• After His crucifixion, Jesus made His way into this area (Acts 2:25-31 in which Peter quotes from Psalm 16:9-10).
  • This might also refer to Jesus’ sojourn to Hades prior to His ascension into heaven.
  • He will be expelled from the world once the last judgment is rendered (Revelation 20:14).
  • The early church claimed that Jesus was crucified and afterwards resurrected from the dead.

140), the sentence “He fell into Hell” did not exist, and it also did not appear in the later Nicene Creed (A.D.

It appears to have been a late addition to the game (perhaps around A.D.

The term initially occurred in the Creed of Aquileia, which means “Creed of Aquileia” (4th century, in the Latin wordsdescendit in inferna- descended into Hades).

So, what’s the deal with the addition?

381), according to one theory.

For the church, on the other hand, Jesus’ death had to be a real death and an effective sacrifice for sin in order for it to be a true death and an effective sacrifice.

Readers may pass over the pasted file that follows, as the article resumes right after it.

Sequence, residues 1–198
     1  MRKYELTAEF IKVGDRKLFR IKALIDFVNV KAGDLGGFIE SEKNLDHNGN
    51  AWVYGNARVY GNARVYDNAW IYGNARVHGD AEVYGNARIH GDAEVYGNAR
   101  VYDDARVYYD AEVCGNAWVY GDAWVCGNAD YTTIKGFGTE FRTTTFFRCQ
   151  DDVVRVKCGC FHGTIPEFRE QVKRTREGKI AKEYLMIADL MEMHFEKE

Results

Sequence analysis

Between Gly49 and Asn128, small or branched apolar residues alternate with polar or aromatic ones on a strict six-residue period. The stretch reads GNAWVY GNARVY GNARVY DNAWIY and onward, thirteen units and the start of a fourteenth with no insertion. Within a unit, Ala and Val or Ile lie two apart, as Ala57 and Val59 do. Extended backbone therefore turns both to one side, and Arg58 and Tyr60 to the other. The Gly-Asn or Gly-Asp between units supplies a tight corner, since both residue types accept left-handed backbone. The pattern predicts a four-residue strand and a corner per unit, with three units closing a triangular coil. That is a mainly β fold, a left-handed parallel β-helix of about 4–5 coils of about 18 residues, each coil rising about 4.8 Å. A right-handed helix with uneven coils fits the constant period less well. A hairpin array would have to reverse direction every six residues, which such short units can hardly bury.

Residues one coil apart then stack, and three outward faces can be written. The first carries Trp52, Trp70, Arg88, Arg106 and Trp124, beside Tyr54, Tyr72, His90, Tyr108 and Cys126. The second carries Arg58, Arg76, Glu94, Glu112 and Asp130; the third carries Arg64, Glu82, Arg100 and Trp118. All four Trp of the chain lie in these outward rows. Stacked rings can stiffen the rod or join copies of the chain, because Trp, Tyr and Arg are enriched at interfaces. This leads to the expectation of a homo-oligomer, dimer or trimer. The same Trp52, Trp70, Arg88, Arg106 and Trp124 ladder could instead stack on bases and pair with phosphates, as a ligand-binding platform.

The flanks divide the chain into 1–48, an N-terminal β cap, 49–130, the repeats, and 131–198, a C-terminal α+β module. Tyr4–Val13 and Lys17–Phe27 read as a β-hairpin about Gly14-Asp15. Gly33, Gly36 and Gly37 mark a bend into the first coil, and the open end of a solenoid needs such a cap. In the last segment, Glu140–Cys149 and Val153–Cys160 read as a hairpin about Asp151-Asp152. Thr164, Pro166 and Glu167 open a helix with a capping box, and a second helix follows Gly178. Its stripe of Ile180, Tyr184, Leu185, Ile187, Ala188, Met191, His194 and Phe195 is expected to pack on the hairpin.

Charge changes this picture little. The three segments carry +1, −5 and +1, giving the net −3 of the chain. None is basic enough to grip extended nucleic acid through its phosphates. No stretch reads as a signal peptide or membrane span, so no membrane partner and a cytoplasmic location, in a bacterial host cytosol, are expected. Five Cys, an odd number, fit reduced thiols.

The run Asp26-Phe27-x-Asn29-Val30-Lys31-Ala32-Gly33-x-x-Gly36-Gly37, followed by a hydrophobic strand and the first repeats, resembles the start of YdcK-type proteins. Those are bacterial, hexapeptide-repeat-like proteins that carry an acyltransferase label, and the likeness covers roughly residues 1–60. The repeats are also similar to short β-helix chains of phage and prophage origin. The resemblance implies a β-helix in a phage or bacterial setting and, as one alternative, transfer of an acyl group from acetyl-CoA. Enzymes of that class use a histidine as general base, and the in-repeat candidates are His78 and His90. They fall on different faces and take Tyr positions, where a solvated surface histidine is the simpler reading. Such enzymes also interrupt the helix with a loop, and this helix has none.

As early as the Middle Ages, the terms Hell and Hades had gotten muddled, and it was believed that Jesus had been sent into the depths of Hell.


The God I believe in is God, the Father Almighty, who is the Creator of heaven and earth. I believe in Jesus Christ, His only Son, our Lord, who was conceived by the Holy Spirit and born of the Virgin Mary, who suffered under Pontius Pilate, was crucified, died, and was buried, and who descended into hell after his death. He resurrected from the dead for a third time on the third day. Ascending into heaven and sitting at the right hand of God the Father Almighty, he will come to judge the living and the dead when the time comes.


This raises an important question: how accurate is the Apostles’ Creed’s depiction of this issue in terms of accuracy?

Using the biblical character of Jonah as an example, Jesus proclaims in Matthew 12:40, “Just as Jonah was swallowed up by a colossal fish for three days and nights, so will be the Son of Man for three days and three nights in the center of the earth.” And it is undeniable that when Christ died, he surrendered his spirit (John 19:30).